Appeal from the United States District Court for the Western District of Louisiana
USDC No. 5:17-CV-200 Before CLEMENT, GRAVES, and OLDHAM, Circuit Judges. PER CURIAM:
Plaintiff-Appellant Caldwell Wholesale Company, L.L.C. ("Caldwell") seeks reversal of the district court's dismissal of its Louisiana Unfair Trade Practices Act ("LUTPA") and tortious interference claims against Defendant-Appellee R.J. Reynolds Tobacco Company ("RJR"). Because the district court correctly ruled that Caldwell's claims are time-barred, we affirm.
Caldwell is a wholesale distributor servicing retail customers in the cigarette market. RJR supplies cigarettes and other tobacco products to retailers through wholesale distributors. Some distributors buy their products directly from RJR, while others purchase from other wholesalers. Every retailer purchases RJR products from either a direct wholesaler or an indirect wholesaler.
RJR incentivizes retailers to purchase RJR products from direct distributors, which allows retailers to receive discount benefits through "buydown" payments from RJR, based on their purchase of RJR products. Some retailers who purchase RJR products from indirect wholesalers can also receive the benefits of the buydown program if the indirect wholesaler has entered a so-called "sub-jobber" agreement with RJR. Purchases made from indirect wholesalers who have not entered a sub-jobber agreement with RJR are not recognized for buydown purposes.
The buydowns are manufacturer rebates. RJR manufactures a carton of cigarettes and sells that carton to a direct-distributor wholesaler at a given price. The wholesaler then sells that carton to a retailer at a marked-up price, to earn a profit. The retailer then sells that carton to customers, presumably at a higher price than the mark-up.
If the retailer independently contracts with RJR, the retailer can receive a buydown payment from RJR after purchasing from a wholesaler that is eligible for the RJR buydown system. If RJR offers a buydown payment, the retailer can sell the carton of cigarettes for less than its purchase price from the wholesaler and still make a profit on the sale. The RJR buydown system allows the retailer to sell the carton of cigarettes to customers at a lower price. Contrarily, a retailer purchasing RJR products from a wholesaler that does not qualify for the buydown system must sell its carton of cigarettes for a higher price to make a profit. Given the price sensitivity of the cigarette market, retailers who purchase RJR products generally avoid buying products from wholesalers who are ineligible for the buydown system.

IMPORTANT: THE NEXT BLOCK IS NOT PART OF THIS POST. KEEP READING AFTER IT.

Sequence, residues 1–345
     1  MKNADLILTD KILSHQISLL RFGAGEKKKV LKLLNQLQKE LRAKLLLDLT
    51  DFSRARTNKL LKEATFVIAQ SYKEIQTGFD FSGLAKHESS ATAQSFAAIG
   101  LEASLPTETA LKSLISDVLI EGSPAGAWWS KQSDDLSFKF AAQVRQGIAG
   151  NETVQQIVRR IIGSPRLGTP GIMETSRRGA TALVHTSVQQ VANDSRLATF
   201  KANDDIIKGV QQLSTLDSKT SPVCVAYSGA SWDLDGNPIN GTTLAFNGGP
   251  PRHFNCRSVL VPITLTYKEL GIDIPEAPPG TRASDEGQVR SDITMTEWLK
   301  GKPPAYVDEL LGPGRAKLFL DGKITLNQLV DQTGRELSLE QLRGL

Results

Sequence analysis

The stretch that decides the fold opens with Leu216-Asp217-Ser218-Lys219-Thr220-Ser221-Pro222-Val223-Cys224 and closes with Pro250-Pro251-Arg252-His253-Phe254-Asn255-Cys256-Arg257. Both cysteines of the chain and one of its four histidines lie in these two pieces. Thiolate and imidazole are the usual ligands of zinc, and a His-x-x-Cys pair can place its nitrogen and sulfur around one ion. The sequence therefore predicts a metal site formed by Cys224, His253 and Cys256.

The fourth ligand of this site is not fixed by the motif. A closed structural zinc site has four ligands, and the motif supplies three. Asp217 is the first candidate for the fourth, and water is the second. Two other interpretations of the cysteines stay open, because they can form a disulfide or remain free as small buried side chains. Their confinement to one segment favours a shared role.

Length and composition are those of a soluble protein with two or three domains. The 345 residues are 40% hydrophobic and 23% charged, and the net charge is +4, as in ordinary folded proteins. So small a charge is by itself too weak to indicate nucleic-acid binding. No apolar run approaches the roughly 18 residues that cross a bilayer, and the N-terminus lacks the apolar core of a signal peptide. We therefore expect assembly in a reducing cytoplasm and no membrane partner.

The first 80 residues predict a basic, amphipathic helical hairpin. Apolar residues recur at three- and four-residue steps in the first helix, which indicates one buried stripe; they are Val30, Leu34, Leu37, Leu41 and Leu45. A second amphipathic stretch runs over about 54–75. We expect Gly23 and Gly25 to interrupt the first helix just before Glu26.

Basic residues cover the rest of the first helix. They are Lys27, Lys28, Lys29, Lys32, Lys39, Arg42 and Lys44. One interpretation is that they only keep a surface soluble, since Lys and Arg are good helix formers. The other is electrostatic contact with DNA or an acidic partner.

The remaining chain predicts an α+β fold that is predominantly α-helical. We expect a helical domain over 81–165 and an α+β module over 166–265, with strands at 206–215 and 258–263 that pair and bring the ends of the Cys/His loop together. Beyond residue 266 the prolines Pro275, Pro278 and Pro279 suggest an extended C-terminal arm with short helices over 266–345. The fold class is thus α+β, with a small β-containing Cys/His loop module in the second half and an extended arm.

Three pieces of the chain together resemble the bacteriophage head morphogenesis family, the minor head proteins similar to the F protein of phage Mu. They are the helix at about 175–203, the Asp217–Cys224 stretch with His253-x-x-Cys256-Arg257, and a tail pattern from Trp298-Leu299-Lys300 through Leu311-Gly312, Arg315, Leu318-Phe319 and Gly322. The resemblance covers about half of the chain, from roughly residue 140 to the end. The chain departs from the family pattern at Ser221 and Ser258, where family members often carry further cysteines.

Retail purchases of RJR products from wholesalers are reported to RJR by a third party, Management Science Associates, Inc. ("MSA"). MSA tracks tobacco sales by wholesalers nationwide and electronically reports the sales data. Later, RJR determines whether specific purchases by retailers qualify for the buydown system and issues buydown payments. The buydown payments are typically issued once every two weeks.
Caldwell is not a buydown-eligible wholesaler. Therefore, RJR does not issue buydown payments to retailers for products bought from Caldwell. Caldwell had been a direct distributor of RJR products for 45 years. However, in December 2004, RJR terminated its direct-distributor agreement with Caldwell—forcing Caldwell to buy RJR products from an intermediary. Caldwell contends, inter alia, that the contract was terminated in retaliation for Caldwell joining a 2003 federal lawsuit against RJR brought by twenty wholesalers. The wholesalers alleged that RJR was engaged in price discrimination and other antitrust violations. Caldwell asserts RJR incorrectly assumed that Caldwell's president played a role in organizing the litigation and encouraged other wholesalers to join the case. As a result, RJR began refusing to issue buydown payments to retailers who purchased RJR products from Caldwell. The practice has continued since Caldwell lost its direct distributor status in 2004, although RJR issues buydown payments for RJR products sold by other wholesalers who, like Caldwell, are not direct distributors with RJR.